This is the first DVD we’ve reviewed since — I’m not sure.  UK correspondent Lee Broughton returns with coverage of a low budget comedy-horror flick from Florida about a seemingly harmless old lady who displays psychopathic tendencies every Halloween. The humour is crude at times but the show’s knowing horror elements, spirited performances and decent production values result in a curiously engaging little film. Of course, with this cover, someone might confuse it with John Carpenter’s Halloween. On DVD from High Fliers Films.
12/05/23

CineSavant Column

Tuesday December 5, 2023

 

Hello! — Best Picture of the Year?

A major surprise is that the new release Godzilla Minus One is getting rave reviews across the board, attracting nothing but positive notices from audiences and the most demanding of genre critics.

I’m convinced that it has to be something special. CineSavant’s trusted advisor Gary Teetzel says,

“Delivers the most ferocious and aggressive iteration of Godzilla yet, and importantly, an engaging and emotional human story about guilt, loss and persevering”. . . “The devoted veteran fans cheered when the Toho logo appeared, when Godzilla first used his atomic ray, when the familiar Ifukube theme was first heard, etc.” . . . “Definitely make an effort to see it on the biggest, loudest screen you can.”

Trailers From Hell’s Joe Dante was equally impressed:

“Arguably the best Godzilla movie since the 1954 original” . . . “Dramatic, spectacular, with memorably rounded characters and pitched on a more emotional adult level than almost any kaiju movie.” . . . “When the classic Godzilla theme music kicked in during the exciting climax I was nearly moved to tears” . . . “If you’re a Monster Kid you won’t see a more satisfying movie this season.”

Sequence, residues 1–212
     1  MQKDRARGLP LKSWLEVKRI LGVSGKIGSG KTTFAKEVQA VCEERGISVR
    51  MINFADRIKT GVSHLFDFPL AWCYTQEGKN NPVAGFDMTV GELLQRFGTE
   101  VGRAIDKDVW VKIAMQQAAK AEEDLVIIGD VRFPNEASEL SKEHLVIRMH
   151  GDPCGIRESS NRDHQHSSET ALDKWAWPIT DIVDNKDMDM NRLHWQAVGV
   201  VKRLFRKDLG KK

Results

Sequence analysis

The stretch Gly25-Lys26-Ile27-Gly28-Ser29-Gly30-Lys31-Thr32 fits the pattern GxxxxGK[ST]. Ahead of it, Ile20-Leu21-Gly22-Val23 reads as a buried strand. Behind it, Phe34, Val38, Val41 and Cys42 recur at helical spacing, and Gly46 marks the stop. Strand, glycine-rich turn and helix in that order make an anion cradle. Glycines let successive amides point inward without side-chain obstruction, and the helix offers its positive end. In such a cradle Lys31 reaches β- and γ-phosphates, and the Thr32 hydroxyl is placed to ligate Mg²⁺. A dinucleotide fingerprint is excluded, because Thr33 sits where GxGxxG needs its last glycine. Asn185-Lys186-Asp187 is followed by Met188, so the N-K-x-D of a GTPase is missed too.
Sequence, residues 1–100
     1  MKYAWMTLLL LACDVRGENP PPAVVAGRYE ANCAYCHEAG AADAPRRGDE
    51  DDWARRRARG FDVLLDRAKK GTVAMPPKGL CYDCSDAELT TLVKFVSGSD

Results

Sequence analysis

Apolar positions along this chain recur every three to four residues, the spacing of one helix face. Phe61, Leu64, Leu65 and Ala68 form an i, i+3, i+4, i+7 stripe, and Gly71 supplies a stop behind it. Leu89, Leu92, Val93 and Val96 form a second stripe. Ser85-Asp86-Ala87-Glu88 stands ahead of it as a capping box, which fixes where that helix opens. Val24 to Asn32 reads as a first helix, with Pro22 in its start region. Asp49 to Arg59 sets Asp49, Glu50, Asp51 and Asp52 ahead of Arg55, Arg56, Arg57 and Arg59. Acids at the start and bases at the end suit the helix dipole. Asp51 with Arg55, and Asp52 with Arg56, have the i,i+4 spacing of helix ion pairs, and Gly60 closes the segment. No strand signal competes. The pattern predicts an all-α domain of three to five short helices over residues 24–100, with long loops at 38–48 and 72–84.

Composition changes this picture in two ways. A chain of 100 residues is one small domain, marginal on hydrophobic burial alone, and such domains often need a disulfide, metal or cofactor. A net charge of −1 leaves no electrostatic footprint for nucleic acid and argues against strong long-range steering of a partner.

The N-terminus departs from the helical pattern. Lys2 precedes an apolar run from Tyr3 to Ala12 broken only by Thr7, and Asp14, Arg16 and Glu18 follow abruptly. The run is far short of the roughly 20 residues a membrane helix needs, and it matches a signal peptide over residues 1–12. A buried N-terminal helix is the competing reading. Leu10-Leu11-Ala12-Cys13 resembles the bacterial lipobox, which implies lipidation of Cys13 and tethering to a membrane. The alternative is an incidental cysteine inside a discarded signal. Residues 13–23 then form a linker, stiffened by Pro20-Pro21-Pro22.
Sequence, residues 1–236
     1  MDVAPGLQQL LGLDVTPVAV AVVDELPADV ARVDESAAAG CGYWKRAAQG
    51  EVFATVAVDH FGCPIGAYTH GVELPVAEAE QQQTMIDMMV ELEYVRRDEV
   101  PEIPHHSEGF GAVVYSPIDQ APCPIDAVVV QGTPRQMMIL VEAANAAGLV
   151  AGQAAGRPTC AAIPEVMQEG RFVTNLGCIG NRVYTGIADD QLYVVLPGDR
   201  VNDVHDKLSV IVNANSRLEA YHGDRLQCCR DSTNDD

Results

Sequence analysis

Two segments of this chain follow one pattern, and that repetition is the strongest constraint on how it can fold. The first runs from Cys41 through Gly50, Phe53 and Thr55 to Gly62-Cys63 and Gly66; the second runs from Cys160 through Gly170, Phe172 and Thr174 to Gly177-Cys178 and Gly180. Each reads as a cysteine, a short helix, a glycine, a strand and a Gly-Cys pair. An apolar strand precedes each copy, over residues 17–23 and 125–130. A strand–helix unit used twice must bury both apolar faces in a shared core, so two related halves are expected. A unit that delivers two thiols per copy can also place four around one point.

And advisor Gary Teetzel reminds us of two recent announcements from Kino Lorber: in the new year they’ll be releasing two very desirable horror items in Region A. Mario Bava’s Technicolor gothic The Whip and the Body stars Daliah Lavi, Christopher Lee, and Bava’s delirious cinematography. Edgar G. Ulmer’s overachieving B-picture Bluebeard with John Carradine and Jean Parker is a collector’s favorite, even if few of us have ever seen a decent presentation.

Bluebeard is said to be a new restoration, which is excellent news. Kino says the work was done by Paramount, which seems odd, as Bluebeard is from the Poverty Row studio Producer’s Releasing Corporation (PRC), and few of their titles are part of the holdings that include the post-’48 Paramount library. We haven’t yet heard about a street date, for what some say is John Carradine’s classiest horror picture.

The Whip and the Body was reviewed here just last July, in a Region B disc from UK’s 88 films; Kino has said that their release will use the same video master. We’re interested to know if the extras are the same or different. It’s announced for February 27.

All that U.S. collectors need now, is a Region A release of The Horrible Dr. Hichcock.

December 5, just after posting: Wait — Hold the presses . . . Vinegar Syndrome has just announced for January ’24 a 4K disc relese of The Horrible Dr. Hichcock, with their own exclusive restoration, and different extras, including interviews with assistant director Marcello Avallone and star Barbara Steele.

Thanks for reading! — Glenn Erickson

Saturday December 2, 2023

Name these actors!  This one’s a witty delight, yet has seemingly dropped off the radar.

Horrors of the Black Museum 12/02/23

VCI
Blu-ray

Hey Gail!  Let me look through your new binoculars!”  The third entry in the ‘Anglo-Amalgamated’ horror trilogy is a truly sleazy Herman Cohen concoction with Michael Gough’s nastiest performance. A.I.P. imported it, slapped on a ‘Hypno-Vista’ prologue and let it loose to traumatize audiences. They showed it at matinees, Mandrake, children’s matinees! VCI gives us a handsome new Studiocanal remaster — Charlie Largent reports on its quality and completeness — will it be A.I.P.’s cut, the uncut original, or the censored version originally shown in the UK?  On Blu-ray from VCI.
12/02/23

The Terror + The Little Shop of Horrors 12/02/23

Film Masters
Blu-ray

“Feed Me!”  Female ghosts and man-eating plants!  It’s another good disc of Roger Corman favorites, especially for collectors hungry for an improved presentation of Corman’s comedy classic The Little Shop of Horrors, the hilarious off-the-wall original. Also looking good is his semi-pirated ‘add-on’ entry to the Poe cycle THE TERROR, starring Boris Karloff, Jack Nicholson and Shirley Knight. As usual, our concentration is on producer-director Corman’s amazing ability to evade the industry’s Guild rules to produce under-the-radar fantasies of remarkable quality. It’s a double-disc presentation, on Blu-ray from Film Masters.
12/02/23